A Monks Guide to Happiness
Given today is World Mental Health Day, it seemed appropriate to share with you this month’s read: ‘A Monks Guide to Happiness: Meditation in the 21st Century’ by Gelong Thubten.
I absolutely loved reading this book. A Monks Guide to Happiness is full of inspiration, positivity, honesty and practical ways of incorporating meditation and mindfulness into daily life in the 21st Century. The crux of the book is to open our minds to the idea that happiness is within us all, and that we can access it whenever we choose.
Thubten provides an insight into his personal experience of finding happiness, meditation and Buddhism. He reminds us that we are hard-wired for happiness and presents meditation as a tool for tapping into that innate happiness feeling. The book shines light on the accessibility of meditation and drums home how rewarding a practice it is; one that we can fit into any part of our daily life. It isn't just about sitting down with legs crossed, palms in lap, om-ing; it's about finding those quiet moments where we can reflect on our daily life, slow our thoughts, and pay attention to how we're feeling.
‘Our happiness and our problems both depend upon our state of mind, yet most of us go through life with very little insight into the mind and it’s true potential...Meditation and mindfulness are powerful tools for a complete internal revolution.’
It is so easy to become wrapped up in the stresses of day-to-day life, that we forget that happiness lies within us and not within material goods, possessions, or at the end of our fingers on Instagram. Thubten teaches us to step back from our thoughts and see them for what they are, reminding us that all that really matters is the present moment and all the joy that each moment can bring. Meditation helps us learn to let go of feelings of guilt for past events and worries about what is going to happen in the future, because that's largely out of our control; we can't predict what is going to happen but we can help shape it through being present and enjoying the moment.
I started meditating a few years ago when I was going through some personal changes, and needed a way of switching off and dealing with all the emotions and thoughts going through my mind and body. Meditation changed my life. It's become an integral part of my way of life and I truly don't think I could live now without mindfulness and meditation practice in my life. Despite this, I’m still learning each day and a great benefit of A Monks Guide to Happiness is the insight Thubten provides to a range of different ways of meditating to deal with and overcome certain thought patterns, which enable you to apply gratitude and compassion to daily life, appropriate to the 21st Century.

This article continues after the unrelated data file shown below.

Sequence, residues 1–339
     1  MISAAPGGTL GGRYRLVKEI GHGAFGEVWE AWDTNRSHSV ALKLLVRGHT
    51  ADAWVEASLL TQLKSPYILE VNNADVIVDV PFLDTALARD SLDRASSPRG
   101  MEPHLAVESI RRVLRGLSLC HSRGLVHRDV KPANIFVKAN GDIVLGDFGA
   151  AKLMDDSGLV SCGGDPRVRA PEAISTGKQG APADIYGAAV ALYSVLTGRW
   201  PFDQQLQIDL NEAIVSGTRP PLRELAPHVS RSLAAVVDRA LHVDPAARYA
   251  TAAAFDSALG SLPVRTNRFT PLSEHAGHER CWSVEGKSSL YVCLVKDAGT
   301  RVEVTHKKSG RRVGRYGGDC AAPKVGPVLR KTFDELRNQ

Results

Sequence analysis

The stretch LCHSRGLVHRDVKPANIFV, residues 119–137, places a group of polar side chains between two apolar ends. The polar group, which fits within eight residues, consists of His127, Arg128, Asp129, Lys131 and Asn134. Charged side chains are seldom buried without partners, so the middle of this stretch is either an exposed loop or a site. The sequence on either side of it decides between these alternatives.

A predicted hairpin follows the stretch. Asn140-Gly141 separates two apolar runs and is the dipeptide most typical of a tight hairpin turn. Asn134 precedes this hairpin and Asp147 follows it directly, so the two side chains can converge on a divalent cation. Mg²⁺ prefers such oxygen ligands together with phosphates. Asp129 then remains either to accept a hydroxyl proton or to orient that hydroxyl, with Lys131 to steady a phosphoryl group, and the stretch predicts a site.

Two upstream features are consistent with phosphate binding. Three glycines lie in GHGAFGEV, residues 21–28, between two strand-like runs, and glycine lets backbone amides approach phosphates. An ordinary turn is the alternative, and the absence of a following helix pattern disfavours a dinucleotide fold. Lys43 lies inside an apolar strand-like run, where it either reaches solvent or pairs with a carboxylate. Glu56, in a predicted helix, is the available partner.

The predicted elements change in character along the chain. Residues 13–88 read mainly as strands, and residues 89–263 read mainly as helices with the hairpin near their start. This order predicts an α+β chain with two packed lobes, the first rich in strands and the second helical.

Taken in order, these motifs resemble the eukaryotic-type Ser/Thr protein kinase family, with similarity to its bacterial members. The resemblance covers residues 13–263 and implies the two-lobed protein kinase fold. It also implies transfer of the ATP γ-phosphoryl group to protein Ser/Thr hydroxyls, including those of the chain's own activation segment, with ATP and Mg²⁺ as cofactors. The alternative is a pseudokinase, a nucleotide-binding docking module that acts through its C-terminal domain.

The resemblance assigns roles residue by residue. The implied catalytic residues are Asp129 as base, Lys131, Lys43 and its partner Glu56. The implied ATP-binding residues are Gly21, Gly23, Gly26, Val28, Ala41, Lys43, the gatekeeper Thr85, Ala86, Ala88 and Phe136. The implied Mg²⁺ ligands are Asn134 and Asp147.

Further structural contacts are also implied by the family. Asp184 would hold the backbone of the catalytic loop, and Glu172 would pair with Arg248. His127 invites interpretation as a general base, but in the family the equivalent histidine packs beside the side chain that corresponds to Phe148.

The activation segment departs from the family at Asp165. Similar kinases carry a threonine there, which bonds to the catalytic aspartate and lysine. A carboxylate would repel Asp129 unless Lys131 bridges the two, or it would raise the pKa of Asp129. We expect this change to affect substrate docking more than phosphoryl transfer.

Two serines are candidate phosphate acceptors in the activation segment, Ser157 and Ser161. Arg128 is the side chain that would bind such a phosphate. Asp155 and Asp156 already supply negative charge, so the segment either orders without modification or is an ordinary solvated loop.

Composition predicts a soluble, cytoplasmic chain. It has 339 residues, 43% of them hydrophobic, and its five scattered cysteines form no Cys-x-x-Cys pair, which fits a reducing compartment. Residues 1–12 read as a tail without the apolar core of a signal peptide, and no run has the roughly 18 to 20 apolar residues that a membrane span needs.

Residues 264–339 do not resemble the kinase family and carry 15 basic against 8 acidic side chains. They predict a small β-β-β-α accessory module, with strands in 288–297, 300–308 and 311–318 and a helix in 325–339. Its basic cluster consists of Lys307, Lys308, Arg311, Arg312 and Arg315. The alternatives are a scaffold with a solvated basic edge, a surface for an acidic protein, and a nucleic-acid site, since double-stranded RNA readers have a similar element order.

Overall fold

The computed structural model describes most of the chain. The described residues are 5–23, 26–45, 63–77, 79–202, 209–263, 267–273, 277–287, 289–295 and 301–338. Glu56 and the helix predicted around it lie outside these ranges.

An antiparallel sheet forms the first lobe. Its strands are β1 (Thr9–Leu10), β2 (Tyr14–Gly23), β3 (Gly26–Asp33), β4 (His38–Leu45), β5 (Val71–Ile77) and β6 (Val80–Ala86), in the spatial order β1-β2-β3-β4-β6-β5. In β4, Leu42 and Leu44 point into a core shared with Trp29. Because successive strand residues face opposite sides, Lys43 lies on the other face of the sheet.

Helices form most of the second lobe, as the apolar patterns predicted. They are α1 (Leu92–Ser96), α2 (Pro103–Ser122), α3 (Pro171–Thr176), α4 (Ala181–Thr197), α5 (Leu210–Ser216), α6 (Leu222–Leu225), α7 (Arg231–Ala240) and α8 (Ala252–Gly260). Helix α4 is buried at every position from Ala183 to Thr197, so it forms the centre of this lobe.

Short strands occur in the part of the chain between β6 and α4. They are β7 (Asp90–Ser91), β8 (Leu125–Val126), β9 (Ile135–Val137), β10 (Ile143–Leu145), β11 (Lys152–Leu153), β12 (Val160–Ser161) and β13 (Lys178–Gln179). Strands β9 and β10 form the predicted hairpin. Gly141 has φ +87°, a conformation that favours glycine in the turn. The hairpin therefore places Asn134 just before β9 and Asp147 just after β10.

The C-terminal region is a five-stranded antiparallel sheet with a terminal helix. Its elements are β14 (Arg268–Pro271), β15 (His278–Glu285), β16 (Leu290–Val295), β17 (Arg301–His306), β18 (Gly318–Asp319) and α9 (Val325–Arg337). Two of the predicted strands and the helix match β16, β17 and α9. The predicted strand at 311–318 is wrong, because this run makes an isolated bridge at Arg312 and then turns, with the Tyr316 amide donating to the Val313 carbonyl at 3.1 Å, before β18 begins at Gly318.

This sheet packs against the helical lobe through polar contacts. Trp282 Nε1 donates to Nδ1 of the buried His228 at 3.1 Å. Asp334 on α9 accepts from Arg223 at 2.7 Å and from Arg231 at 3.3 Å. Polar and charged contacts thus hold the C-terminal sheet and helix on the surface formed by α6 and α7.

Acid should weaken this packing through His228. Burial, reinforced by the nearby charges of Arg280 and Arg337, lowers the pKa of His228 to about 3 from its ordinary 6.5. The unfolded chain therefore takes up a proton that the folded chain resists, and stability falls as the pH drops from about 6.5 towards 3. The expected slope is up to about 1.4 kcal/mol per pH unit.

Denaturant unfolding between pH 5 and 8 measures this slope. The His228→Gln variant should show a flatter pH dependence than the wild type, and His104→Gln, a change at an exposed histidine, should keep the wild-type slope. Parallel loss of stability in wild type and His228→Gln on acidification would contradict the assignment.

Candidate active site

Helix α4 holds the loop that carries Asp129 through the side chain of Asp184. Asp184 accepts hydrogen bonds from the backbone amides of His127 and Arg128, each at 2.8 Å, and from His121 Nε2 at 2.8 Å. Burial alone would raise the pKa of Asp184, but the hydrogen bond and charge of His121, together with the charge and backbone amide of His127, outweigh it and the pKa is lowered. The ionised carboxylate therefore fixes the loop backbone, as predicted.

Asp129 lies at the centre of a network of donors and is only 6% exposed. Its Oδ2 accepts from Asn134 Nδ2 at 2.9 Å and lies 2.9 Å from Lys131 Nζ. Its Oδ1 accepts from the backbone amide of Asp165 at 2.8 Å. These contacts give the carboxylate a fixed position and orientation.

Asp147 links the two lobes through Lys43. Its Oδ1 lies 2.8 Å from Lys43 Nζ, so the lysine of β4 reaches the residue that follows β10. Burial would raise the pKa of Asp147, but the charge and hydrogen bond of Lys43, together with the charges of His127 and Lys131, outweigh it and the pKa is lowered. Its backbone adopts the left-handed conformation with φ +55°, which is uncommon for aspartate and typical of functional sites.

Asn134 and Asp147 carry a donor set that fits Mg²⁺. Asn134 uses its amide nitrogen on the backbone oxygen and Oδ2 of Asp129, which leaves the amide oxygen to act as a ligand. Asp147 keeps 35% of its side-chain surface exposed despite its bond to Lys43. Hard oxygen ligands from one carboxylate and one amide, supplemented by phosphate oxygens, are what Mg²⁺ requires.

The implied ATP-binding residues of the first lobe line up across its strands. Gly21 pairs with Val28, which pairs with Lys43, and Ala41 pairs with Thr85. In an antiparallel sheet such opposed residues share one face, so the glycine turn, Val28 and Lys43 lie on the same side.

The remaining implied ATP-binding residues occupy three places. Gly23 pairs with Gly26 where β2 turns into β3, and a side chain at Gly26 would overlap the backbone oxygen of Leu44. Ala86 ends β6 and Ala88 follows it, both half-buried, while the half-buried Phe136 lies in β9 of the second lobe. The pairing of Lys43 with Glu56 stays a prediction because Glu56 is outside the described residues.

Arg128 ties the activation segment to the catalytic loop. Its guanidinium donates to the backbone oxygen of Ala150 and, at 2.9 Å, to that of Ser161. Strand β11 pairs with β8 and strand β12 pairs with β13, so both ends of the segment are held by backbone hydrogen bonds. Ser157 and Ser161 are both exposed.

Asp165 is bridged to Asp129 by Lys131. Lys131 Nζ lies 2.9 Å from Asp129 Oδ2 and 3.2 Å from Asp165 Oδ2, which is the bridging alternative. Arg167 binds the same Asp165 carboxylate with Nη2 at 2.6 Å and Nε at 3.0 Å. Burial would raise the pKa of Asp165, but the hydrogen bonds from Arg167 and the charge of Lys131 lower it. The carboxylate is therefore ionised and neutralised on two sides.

Thubten highlights one of meditation's deeper benefits as unlocking creativity. He writes that stress is a factor in impeding our creativity; we get so wrapped up in our thoughts that we limit the room available for ideas. Meditation can help clear our mind, making space for spontaneity and innovative ideas. He also suggests we could benefit from fully-tasking, rather than multi-tasking; being mindful of what we are doing and living more in the present. Multi-tasking has been shown to slow our brain and kill productivity, and, if you're anything like me, this is definitely an area that would benefit from improving.
Thubten provides a number of suggested meditation practices aimed at helping ease various obstacles to happiness, including compassion and forgiveness. Meditation and mindfulness are tools to help us reflect and take a step back. To remind us that we are in control of our thoughts, that they haven't the power over us that we think they have. We can choose our thoughts and how we react to situations. Ultimately, we can choose to be happy.
We are built for happiness.
x Happy World Mental Health day x
I'd love to hear your thoughts on meditation. Do you practice meditation? Let me know. I honestly believe that we could all benefit from being more mindful and aware of our thoughts. Surely the world would be a fairer, happier place if we all realised that happiness, compassion and love are within us, all the time.